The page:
433 F2d 304 Securities and Exchange Commission v. Jan-Dal Oil & Gas Inc E
433 F.2d 304
Fed. Sec. L. Rep. P 92,846
SECURITIES AND EXCHANGE COMMISSION, Appellant,
JAN-DAL OIL & GAS, INC., and E. Dale Crabtree, Appellees.
United States Court of Appeals, Tenth Circuit.
Oct. 27, 1970.
David Ferber, Sol. (Philip A. Loomis, Jr., Gen. Counsel, Paul Gonson, Asst. Gen. Counsel, and Warren G. Stolusky, Atty., Securities & Exchange Comm., Washington, D.C., on the brief) for appellant.
Paul M. Kimball, Oklahoma City, Okl., for appellees.
Before LEWIS, Chief Judge, and HICKEY and HOLLOWAY, Circuit Judges.
LEWIS,* CHIEF JUDGE.
The Securities and Exchange Commission appeals from an order of the United States District Court for the Western District of Oklahoma setting aside a permanent injunction which had been entered against Jan-Dal Oil & Gas, Inc., and E. Dale Crabtree, with their consent, on April 11, 1968.
The Commissioner's complaint, filed on April 10, 1968, alleged that since about 1963 the defendants, Jan-Dal and E. Dale Crabtree, president of the corporation, had engaged in the sale of fractional undivided interests in oil, gas, and other mineral rights in properties located in Pottawatomie County, Oklahoma; that these securities were not registered with the Commission; and that accordingly the defendants had engaged in acts and practices constituting violations of the registration provisions of section 5 of the Securities Act of 1933, 15 U.S.C. 77(e).
On April 11, 1968, both defendants consented to the entry of a permanent injunction. The consent decree permanently enjoined the defendants from selling or offering to sell 'fractional undivided interests in oil, gas, and other mineral rights on properties situated in Pottawatomie County, Oklahoma, or elsewhere, or any other securities' in violation of the registration provisions of the Securities Act of 1933.
Eight months later, on December 12, 1968, the defendants-appellees initiated this action to dissolve the injunction that had been entered against them. The motion stated that they had abided by the first judgment entered April 11, 1968; that they were 'entitled to transact their normal course of business without the continuing presence of' the injunction; and that the existence of the injunction might 'cause unnecessary delay and hindrance in obtaining the approval' of a registration statement that they contemplated filing with the Commission, and might adversely affect the proposed sale of oil and gas interests.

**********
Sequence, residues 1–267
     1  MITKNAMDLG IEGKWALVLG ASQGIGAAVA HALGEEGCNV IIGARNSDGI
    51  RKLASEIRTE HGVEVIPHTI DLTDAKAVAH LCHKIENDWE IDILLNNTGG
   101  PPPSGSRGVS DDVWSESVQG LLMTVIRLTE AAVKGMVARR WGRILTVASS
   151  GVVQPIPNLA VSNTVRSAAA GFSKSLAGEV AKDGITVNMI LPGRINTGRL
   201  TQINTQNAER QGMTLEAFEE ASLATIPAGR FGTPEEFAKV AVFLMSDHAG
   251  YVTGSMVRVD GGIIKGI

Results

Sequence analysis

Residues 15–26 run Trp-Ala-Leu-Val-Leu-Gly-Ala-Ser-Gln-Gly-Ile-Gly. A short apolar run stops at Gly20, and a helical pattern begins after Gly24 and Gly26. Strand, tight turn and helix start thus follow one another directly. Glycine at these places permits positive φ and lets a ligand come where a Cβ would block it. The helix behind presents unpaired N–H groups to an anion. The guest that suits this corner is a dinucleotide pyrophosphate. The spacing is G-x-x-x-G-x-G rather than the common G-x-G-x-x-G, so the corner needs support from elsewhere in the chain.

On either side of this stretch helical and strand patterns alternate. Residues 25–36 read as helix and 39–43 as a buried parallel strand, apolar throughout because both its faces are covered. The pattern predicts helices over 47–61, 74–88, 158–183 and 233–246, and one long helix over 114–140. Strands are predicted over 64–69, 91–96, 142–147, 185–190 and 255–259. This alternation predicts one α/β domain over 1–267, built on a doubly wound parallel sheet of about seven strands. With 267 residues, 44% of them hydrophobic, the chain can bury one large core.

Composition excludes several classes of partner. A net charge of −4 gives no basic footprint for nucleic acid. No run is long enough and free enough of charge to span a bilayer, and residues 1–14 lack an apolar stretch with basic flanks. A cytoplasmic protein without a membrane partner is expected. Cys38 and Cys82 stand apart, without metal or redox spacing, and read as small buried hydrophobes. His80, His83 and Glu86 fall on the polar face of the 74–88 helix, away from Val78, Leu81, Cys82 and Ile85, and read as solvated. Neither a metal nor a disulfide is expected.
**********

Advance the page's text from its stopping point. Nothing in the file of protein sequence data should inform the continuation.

In support of its order the trial court found or concluded that appellees had complied with the terms of the injunction in good faith and had continued their securities business with affirmative compliance with S.E.C. requirements for eight months; that the injunction was burdensome and oppressive to their business reputation and activities and that there was no reason to apprehend any further violation of the Securities Act; that sufficient changes had occurred in their business operations1 so that reasons for imposing the original injunction no longer existed; and that the injunction imposed no duty on appellees nor granted the S.E.C. any power that was not contained within the Act itself. The S.E.C. contends that these findings and the record as a whole will not support the lower court's order under well-established judicial guidelines applicable to the issue. We agree.
This court in Ridley v. Phillips Petroleum Co., 427 F.2d 19, at 22, set forth the limitations of judicial discretion in setting aside an existing injunction thus:
The guidelines for modifying or dissolving an injunction were clearly set out by the Supreme Court of the United States in United States v. Swift & Co., 286 U.S. 106, 52 S.Ct. 460, 76 L.Ed. 999, and recently restated by the Eighth Circuit in Humble Oil & Refining Co. v. American Oil Co., 405 F.2d 803 (8th Cir.). These two cited cases hold that where a modification of an injunctive decree is sought the court should determine 'whether the changes are so important that dangers, once substantial, have become attenuated to a shadow,' and it must be shown that the moving party is exposed to severe hardships of extreme and unexpected nature. Thus the requested change should be approached with caution and a strong showing is required of new conditions and circumstances making the original injunction oppressive.
These guidelines are applicable in all instances where, as here, the relief sought is escape from the impact of an injunction. United States v. United Shoe Machinery Corp., 391 U.S. 244, 88 S.Ct. 1496, 20 L.Ed.2d 562. Appellees have offered nothing in support of their cause except short term compliance with the law and a continuing embarrassment in their present business relationships because of an earlier dereliction. This is not enough.
The case is remanded to the district court with directions to vacate its order conditionally dissolving its injunction and to reinstate the injunction to full force and effect.